Farm Ireland

Sunday 21 January 2018

Sheep: Improved weather helped raise the lambing siege

This year's lambing season is almost finished. Getty Images.
This year's lambing season is almost finished. Getty Images.

Tom Staunton

The lambing season is finally coming to a close. It had more than a few ups and downs, starting off with persistent rain, which made life much more difficult for feeding and lambing the ewes outside.

Fields that we consider dry let us down for the first time that I can remember. After the incessant rainfall left us there were a dry few weeks which made life and lambing much easier.

The ewes that lambed indoors could be let out, ewes lambing outdoors had comfort, lambs thrived and fertiliser could be applied to grazing ground.

Overall the lambing was similar to other years. Mortality is running at about 7-8pc. The usual problems are occurring, which meant this number rose higher than I would have liked.

The fox visited a few nights, leaving two lambs dead. Still births also added to this number. This occurred in ewes of all ages with no pattern to be seen.

A few lambs born were found without breaking the membrane sack and also a few cases of mastitis and in the last week three cases of watery mouth. Of the lambs that got the watery mouth, two made full recovery and one passed away.

I treated the lambs with a strong probiotic and put them under an infrared lamp. The lambs that got watery mouth were born outside and the ewes nor the lambs never saw a shed. There is always a reason for these things to happen.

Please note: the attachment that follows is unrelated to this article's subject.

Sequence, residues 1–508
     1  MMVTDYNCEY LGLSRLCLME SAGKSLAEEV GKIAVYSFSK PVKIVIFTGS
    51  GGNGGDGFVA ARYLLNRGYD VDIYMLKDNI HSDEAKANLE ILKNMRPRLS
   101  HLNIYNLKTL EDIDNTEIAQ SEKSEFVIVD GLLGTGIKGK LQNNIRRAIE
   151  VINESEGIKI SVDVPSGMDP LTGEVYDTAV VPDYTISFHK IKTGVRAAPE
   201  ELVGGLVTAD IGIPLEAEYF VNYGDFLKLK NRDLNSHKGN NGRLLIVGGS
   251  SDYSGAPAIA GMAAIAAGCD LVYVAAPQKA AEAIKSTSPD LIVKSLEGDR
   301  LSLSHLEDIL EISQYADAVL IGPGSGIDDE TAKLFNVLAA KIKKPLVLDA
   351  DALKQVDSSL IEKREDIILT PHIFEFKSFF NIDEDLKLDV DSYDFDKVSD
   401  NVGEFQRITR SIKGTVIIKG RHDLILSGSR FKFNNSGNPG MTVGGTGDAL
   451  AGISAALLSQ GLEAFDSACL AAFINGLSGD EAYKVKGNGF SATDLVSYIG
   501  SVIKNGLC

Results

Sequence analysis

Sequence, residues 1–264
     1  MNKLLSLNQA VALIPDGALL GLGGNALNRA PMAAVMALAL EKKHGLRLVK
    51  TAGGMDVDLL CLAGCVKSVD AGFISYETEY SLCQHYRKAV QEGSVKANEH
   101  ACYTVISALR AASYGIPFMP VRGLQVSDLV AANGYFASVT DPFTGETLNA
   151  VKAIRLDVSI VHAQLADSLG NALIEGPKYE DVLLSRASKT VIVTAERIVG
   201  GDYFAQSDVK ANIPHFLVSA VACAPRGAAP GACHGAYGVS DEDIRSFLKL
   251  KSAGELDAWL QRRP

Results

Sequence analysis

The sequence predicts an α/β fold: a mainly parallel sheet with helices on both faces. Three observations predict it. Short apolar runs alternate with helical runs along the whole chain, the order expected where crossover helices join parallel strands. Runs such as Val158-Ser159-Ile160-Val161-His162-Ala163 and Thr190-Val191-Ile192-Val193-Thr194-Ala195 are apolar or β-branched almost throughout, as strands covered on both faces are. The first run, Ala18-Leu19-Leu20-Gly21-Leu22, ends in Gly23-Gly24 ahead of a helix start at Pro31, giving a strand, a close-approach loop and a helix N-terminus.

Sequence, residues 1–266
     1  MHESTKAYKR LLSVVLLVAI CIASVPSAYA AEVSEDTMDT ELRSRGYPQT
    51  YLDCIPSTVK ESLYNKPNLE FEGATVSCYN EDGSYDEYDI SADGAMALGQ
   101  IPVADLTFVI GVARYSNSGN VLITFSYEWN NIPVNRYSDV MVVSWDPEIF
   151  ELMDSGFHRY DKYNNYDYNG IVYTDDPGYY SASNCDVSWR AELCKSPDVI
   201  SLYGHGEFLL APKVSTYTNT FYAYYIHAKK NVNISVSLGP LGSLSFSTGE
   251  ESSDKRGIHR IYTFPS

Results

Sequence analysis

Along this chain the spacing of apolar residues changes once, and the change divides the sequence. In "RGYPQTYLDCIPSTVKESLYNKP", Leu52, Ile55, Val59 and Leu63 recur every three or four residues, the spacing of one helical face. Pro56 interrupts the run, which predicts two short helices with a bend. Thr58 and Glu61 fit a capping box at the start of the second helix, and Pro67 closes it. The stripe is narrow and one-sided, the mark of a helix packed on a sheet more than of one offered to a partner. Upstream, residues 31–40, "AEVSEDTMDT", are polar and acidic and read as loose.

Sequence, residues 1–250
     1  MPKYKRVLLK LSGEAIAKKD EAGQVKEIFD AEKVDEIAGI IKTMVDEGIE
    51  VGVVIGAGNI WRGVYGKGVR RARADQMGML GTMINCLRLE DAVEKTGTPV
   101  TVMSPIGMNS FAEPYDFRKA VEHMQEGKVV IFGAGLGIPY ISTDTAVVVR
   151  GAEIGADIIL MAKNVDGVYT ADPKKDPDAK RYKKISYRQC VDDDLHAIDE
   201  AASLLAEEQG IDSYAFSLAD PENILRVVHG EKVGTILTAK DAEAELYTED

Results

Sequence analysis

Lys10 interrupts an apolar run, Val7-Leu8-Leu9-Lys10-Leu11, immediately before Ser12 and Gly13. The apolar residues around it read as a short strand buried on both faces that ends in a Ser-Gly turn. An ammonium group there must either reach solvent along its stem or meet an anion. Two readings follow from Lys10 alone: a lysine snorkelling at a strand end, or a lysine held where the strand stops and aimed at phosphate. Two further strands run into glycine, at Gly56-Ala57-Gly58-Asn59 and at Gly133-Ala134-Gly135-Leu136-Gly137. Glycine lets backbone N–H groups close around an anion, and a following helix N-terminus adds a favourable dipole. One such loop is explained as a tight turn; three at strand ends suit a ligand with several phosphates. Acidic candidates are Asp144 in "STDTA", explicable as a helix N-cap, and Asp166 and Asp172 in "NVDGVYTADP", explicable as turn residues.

One of the lambs with watery mouth was born to a ewe that only had milk on in one teat! That explained that the lamb got little or no colostrum in his first 24 hours. The ewe must have escaped the checks last year for culling. However, indoors I haven't had a single case of watery mouth.

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The fostering crates were busy this spring. Many triplet lambs were adopted successfully. I also had a few lambs that got away from the ewes at birth and the ewe wasn't too willing to take them back. They also saw the fostering crate and over time accepted the lambs.


Prolapse is also something that raises its head, especially in ewes carrying triplets.

If I see a ewe starting to push early on and is not a problem at that stage I put a harness on them straight away. I found the harnesses worked well this year. It is unclear what the actual cause of the prolapse is.

There are a lot of theories from many people and I think some more work identifying the causes should be carried out as it is a common problem throughout the country. From my experience I wonder if it is feed related, genetic or a combination of several factors.

It was great to get to see some lambs off the new Bluefaced Leicester and Lanark Blackface rams. I'm quite happy with the Mule lambs - lamb size was good and ewes lambed down with a good supply of milk.

I increased the soyabean meal level for the last few weeks of pregnancy to help with lamb growth and with colostrum and milk production. This seemed to work quite well.

Ewes are still getting fed the same concentrate ration as grass supply on the farm is tight. Urea was applied on some saved ground at a rate of half a bag per acre. I hope this ground starts to grow well so I can get more ewes off feed.

Tom Staunton farms at Tourmakeady, Co Mayo

Indo Farming